This Year's Flu Shot Isn't Protecting Seniors
It helps in just 9% of cases, says CDC
By John Johnson, Newser Staff
Posted Feb 21, 2013 6:18 PM CST
A senior gets a flu shot in Brooklyn last month.   (AP Photo/Bebeto Matthews, File)

(Newser) – Senior citizens who got the flu shot this year needn't have bothered, reports USA Today. For those ages 65 and older, this year's vaccine helped in just 9% of cases against the predominant strain, a percentage deemed to be statistically insignificant by the CDC. Factoring in all ages, the vaccine helped in 56% of cases, which is on the low side historically, reports Reuters.

"We simply need a better vaccine against influenza, one that works better and lasts longer," says CDC chief Thomas Frieden. Vaccines are generally less effective in older people, but that's not enough to explain the poor showing among seniors, whose hospitalization rates for the flu this year have been especially high, reports AP.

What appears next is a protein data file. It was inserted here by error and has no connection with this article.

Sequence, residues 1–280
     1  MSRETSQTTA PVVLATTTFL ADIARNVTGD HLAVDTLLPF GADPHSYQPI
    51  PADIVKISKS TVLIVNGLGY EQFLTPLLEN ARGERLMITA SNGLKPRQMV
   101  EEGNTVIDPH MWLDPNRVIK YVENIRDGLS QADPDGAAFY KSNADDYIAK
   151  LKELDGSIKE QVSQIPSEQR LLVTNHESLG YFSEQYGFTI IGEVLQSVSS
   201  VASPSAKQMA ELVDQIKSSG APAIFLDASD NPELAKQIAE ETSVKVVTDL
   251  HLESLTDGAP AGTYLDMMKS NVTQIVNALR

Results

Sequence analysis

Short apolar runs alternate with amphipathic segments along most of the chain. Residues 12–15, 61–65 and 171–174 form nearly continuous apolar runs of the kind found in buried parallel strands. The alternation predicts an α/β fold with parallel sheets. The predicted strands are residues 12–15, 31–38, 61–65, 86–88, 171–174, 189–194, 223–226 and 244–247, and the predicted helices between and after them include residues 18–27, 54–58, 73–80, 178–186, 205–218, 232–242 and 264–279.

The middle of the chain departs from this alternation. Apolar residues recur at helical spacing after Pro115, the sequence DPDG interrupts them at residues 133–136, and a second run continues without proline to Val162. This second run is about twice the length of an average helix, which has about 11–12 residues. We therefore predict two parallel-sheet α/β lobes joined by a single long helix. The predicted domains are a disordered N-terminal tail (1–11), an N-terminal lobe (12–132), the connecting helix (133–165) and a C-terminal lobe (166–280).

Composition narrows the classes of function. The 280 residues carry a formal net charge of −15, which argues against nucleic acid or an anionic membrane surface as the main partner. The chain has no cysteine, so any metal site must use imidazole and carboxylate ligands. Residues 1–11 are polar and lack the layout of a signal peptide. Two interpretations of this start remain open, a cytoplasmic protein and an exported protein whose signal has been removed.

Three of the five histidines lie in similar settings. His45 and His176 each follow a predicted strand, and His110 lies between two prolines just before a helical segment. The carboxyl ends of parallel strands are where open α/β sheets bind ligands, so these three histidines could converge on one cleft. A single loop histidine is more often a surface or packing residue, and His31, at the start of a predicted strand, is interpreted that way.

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Feb 22, 2013 10:42 AM CST
Maybe what we really need is a better understanding of how the flu virus and other pathogens actually function. Our immune systems are not just a bunch of white cells running around getting the bad guys, but is a complex symbiotic relationship with fungi and bacteria working to complement our immune system. There are some probiotics that turn into pathogens if they some how end up in the wrong body part - such as when a person has leaky gut syndrome. I wouldn't be surprised if one day someone discovers that flu viruses actually have probiotic characteristics but that it turns pathogenic in people with certain preexisting conditions.
Feb 22, 2013 7:33 AM CST
If you work in a hospital and don't get a flu shot (as well as every other vaccine designed to prevent the spread of infectious diseases), you are an idiot and should be terminated immediately.
Bill Inaz
Feb 22, 2013 5:45 AM CST
It's not about whether or not it "works". It's becoming to be about whether or not you're part of the "community" or not.